Companies have some flexibility in determining appropriate verification methods, depending upon the hazards needing to be controlled, the foreign supplier’s food safety record, and other factors. Verification methods could include onsite audits and inspections, sampling and testing, and review of the supplier’s safety records, says Hank Karayan, global FSMA program director at SGS, a multi-industry inspection, verification, testing, and certification company.
You Might Also Like
Explore This IssueFebruary/March 2018
Also By This Author
Importers must also designate a “qualified individual,” defined as someone possessing either appropriate training or job experience with developing a food safety system, to develop and perform FSVP activities for each imported food item. Importers that do not have a qualified individual on staff may outsource FSVP development to a third party, such as Registrar Corp, or outsource verification activities to companies such as SGS.
FDA has staggered FSVP compliance dates based on the size of the foreign supplier (not the size of the U.S. importer) and the dates of other FSMA regulations to which the foreign supplier would be subject. This was to give U.S. importers time to become familiar with their legal responsibilities and develop their FSVPs. It also aligns FSVP compliance dates with other FSMA regulations, particularly the produce safety and preventive controls rules for human and animal food.
“We linked the FSVP compliance dates to the other FSMA rules because we wanted to minimize the likelihood that an importer would be required to comply with the FSVP regulations before its supplier is required to comply with other FSMA safety regulations,” explained Sharon Mayl, senior advisor for policy in FDA’s Office of Foods and Veterinary Medicine.
The first FSVP compliance date was May 30, 2017 for U.S. companies that import food from large foreign suppliers or from suppliers not subject to the preventive controls or produce safety rules. For foreign suppliers that are subject only to the preventive controls rule, the next importer compliance dates are March 19, 2018 for “small businesses” (defined as foreign suppliers with fewer than 500 full-time employees), and March 18, 2019, for “qualified facilities” and “very small businesses” (foreign suppliers with less than $1 million in average annual sales).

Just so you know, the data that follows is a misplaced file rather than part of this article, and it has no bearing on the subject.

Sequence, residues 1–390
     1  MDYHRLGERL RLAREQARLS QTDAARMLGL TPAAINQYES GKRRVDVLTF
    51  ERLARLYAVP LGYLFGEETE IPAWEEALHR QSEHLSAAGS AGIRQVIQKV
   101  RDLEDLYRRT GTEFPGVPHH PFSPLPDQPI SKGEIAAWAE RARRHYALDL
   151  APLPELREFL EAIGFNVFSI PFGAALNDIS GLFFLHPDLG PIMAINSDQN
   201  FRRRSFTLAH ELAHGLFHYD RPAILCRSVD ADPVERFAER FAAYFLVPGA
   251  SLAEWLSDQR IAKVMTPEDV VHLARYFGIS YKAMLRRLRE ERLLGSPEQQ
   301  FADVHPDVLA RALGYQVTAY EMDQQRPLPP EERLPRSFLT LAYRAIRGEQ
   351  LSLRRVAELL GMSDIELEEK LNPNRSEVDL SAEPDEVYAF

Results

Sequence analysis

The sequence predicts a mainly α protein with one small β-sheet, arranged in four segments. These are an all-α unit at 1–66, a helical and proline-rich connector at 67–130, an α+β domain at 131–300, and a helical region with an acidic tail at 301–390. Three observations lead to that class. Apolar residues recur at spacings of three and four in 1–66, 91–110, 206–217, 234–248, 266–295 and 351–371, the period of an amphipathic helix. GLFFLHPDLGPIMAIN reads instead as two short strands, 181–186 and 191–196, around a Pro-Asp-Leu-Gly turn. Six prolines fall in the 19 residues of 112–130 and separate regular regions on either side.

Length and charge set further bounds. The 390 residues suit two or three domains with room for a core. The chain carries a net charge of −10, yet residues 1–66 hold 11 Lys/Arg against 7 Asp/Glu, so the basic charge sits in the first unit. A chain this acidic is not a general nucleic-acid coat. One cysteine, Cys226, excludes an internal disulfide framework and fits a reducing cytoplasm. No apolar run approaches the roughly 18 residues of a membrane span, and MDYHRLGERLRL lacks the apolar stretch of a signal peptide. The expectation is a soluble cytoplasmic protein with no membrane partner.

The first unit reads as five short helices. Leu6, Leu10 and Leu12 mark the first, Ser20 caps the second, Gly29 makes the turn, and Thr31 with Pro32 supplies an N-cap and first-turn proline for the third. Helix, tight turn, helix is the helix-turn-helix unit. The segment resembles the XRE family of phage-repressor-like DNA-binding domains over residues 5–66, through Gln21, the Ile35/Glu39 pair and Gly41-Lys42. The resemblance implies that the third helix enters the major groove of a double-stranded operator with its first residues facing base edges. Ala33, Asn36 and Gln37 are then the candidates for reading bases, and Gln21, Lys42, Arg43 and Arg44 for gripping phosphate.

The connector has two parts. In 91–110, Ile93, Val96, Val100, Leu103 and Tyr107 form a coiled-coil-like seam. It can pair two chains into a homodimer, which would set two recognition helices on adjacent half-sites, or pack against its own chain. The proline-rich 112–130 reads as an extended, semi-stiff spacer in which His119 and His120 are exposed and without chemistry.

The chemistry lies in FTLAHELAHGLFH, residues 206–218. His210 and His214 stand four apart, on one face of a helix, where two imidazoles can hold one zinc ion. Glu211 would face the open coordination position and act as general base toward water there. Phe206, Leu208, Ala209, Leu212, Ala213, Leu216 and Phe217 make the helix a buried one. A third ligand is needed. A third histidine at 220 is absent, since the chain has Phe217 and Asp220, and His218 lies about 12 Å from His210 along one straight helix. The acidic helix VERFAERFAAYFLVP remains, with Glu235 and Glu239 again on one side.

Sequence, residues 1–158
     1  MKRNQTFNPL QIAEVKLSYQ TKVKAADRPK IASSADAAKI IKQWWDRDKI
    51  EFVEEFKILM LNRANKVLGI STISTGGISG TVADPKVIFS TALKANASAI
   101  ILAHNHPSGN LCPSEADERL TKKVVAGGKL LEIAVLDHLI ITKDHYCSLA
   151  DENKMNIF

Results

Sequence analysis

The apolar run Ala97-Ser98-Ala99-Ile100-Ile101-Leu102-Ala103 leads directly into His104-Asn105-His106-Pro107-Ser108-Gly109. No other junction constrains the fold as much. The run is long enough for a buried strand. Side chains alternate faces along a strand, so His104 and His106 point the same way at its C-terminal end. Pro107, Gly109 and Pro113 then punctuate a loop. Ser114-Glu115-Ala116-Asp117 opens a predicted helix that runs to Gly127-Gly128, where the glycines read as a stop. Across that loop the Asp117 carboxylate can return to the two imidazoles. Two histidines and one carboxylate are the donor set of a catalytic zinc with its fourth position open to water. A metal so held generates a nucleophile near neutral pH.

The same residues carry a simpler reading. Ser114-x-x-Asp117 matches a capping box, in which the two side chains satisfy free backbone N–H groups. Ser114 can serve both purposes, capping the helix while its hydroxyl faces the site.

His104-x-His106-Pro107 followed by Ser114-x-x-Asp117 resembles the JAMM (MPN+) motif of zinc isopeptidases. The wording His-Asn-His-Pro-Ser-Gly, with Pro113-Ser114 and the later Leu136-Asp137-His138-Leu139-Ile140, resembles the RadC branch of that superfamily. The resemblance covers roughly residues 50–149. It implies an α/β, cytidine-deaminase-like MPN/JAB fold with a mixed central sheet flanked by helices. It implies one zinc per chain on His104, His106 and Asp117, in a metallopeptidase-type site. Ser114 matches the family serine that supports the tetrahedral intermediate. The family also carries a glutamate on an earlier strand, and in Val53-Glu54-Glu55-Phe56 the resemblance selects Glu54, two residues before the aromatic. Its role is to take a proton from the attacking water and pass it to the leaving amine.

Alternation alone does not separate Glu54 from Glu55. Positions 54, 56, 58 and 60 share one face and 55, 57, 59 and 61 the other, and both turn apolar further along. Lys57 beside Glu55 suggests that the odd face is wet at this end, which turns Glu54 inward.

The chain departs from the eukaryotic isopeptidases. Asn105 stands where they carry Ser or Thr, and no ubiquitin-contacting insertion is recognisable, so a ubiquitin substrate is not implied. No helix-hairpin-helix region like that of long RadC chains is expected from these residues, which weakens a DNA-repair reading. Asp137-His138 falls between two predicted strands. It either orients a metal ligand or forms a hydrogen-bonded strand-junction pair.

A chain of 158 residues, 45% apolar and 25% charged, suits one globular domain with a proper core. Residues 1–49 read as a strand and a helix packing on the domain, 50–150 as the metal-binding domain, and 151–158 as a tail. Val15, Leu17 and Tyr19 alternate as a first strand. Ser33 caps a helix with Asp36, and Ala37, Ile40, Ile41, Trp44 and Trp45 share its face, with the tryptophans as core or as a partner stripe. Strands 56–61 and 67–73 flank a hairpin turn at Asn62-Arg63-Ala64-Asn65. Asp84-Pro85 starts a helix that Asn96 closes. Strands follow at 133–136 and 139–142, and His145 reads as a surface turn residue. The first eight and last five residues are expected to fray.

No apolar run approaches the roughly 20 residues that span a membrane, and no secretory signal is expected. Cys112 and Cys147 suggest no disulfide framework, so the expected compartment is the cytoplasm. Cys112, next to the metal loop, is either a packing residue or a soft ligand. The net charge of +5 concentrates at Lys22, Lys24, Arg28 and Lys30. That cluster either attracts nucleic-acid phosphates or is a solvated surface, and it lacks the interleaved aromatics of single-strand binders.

For importers whose foreign suppliers are subject only to the produce safety rule, the compliance dates are July 29, 2019 for small business, and July 27, 2020 for very small businesses. All other businesses must comply starting July 26, 2018.
“Remember that, unlike traditional facility inspections, FSVP inspections are based on the review of records, rather than observations of food production,” FDA’s Mayl explained. Most FSVP inspections will occur at the importer’s place of business, where the investigator will ask to see the importer’s FSVP records. In most cases, if deficiencies are found, the importer will be provided an opportunity to correct them.
“Our focus right now is on supporting compliance, except for problems that pose a danger to health or reflect intentional disregard for legal responsibilities,” Mayl said.
But companies that receive a citation for not having a FSVP may find themselves on FDA’s radar. This is because the agency’s risk analysis algorithms may automatically assign companies with prior deficiencies a higher risk score, increasing scrutiny and the potential for enforcement actions, Registrar Corp’s Statman says. “The best way to stay out of trouble with FDA is to stay out of trouble with FDA,” he says. “But if an importer or processor develops a clean record early, later deficiencies may have less effect.”
Beginning this year, U.S. importers can apply to register in FDA’s Voluntary Qualified Importer Program (VQIP), which offers expedited review and entry into the U.S. of food from foreign companies that have been certified by auditors under the Accredited Third-Party Certification rule. “Expedited shipment entry gives importers incentive to adopt robust management of the safety and security of their supply chain,” said Doriliz De Leon, a consumer safety officer in the Food Adulteration Assessment Branch in FDA’s Center for Food Safety and Applied Nutrition.